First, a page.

Cutting-edge Parkinson’s treatment coming to the Triad

“It can be quite disabling, I think we all know someone who we have seen whose hand is shaking; they cannot write or drink without spilling,” said Dr. Mustafa Siddiqui, movement disorders Section Chief at Atrium Health Wake Forest Baptist and Professor of Neurology and Neurosurgery at Wake Forest University School of Medicine.

Dr. Siddiqui, says that Guided Focused Ultrasound can help reduce their suffering.

“Multicenter trials were done, and they showed an improvement of 75% in their tremor,” said Dr. Siddiqui.

He explained that this procedure involves using a special helmet and an MRI machine while patients are awake.

“There are about 1000 high-intensity ultrasound beams which are shot in a very, very precise location in the brain,” said Dr. Siddiqui.

This treatment targets a part of the brain responsible for regulating movement because no incision is made Dr. Siddiqui says they can see the shaking go down as a small section of the brain is burned.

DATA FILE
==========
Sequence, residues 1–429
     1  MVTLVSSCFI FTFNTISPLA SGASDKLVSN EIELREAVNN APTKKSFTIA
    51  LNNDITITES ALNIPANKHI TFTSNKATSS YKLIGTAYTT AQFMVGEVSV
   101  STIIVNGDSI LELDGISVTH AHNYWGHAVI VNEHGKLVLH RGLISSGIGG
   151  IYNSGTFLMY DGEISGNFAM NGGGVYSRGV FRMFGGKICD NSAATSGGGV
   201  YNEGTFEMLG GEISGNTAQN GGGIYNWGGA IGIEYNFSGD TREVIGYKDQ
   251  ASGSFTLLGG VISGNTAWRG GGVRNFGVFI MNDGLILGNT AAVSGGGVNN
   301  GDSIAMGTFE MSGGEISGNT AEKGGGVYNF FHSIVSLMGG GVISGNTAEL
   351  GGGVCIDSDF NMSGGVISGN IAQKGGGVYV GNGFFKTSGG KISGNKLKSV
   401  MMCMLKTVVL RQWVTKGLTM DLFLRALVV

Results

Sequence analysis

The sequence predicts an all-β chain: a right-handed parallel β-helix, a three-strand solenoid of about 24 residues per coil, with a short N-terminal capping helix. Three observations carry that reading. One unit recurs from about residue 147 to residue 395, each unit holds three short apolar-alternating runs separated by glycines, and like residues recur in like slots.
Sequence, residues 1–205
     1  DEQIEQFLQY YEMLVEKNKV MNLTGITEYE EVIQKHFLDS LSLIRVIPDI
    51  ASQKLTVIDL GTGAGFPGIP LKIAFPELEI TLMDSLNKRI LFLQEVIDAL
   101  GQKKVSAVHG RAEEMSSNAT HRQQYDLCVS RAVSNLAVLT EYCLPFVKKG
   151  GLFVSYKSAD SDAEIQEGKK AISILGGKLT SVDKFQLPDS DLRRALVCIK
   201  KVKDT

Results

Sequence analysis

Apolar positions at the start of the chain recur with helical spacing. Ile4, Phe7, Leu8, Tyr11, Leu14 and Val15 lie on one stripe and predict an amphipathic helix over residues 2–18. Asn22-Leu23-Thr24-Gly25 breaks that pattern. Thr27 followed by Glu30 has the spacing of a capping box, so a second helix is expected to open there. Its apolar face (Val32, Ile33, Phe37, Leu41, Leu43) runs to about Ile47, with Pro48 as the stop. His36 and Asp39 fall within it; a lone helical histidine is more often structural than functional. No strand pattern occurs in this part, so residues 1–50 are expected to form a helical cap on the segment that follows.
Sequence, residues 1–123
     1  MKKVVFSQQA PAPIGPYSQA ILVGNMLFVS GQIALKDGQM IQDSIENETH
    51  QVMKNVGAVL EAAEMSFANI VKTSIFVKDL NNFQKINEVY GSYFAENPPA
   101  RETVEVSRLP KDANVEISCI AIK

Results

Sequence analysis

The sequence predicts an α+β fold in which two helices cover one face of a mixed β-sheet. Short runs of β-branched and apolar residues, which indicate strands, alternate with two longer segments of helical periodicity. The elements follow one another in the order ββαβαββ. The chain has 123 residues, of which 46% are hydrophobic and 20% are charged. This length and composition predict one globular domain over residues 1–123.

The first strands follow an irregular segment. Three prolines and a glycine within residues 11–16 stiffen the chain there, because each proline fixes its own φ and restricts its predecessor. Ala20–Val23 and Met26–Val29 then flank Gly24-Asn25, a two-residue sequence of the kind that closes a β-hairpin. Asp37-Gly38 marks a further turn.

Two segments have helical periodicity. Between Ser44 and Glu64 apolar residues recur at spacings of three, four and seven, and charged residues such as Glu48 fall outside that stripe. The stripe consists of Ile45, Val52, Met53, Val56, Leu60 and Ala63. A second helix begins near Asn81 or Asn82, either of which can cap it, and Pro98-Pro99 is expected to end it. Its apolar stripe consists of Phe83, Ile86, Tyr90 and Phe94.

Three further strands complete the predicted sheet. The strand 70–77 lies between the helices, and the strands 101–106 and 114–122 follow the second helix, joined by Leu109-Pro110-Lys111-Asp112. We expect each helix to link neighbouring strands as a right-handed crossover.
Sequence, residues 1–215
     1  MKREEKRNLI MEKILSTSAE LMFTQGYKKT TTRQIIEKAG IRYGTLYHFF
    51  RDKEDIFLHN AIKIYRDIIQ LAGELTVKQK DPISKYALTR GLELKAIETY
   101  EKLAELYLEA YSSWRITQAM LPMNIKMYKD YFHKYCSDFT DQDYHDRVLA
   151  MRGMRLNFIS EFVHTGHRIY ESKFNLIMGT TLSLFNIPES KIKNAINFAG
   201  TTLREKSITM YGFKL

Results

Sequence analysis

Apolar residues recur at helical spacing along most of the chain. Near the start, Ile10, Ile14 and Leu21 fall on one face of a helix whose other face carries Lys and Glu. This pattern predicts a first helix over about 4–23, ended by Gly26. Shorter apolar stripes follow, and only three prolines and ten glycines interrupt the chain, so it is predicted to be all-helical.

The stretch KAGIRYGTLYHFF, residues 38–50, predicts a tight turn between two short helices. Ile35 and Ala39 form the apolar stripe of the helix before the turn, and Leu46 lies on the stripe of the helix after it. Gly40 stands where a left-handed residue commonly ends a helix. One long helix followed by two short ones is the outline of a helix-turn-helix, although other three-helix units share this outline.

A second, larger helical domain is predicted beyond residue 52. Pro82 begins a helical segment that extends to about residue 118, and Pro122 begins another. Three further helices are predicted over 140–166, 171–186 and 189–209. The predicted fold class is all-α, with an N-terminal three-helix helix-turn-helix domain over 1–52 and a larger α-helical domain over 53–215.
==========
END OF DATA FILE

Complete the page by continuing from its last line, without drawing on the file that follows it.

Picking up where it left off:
“Patients usually go home the same day,” said Dr. Siddiqui.

He says once the hospital begins treating patients he expects to see people from all over western North Carolina and some neighboring states.

“It’s been just around for the last few years,” said Dr. Siddiqui.

He says their first patient is scheduled to be seen this month and may see over 50 patients a year in the years to come.

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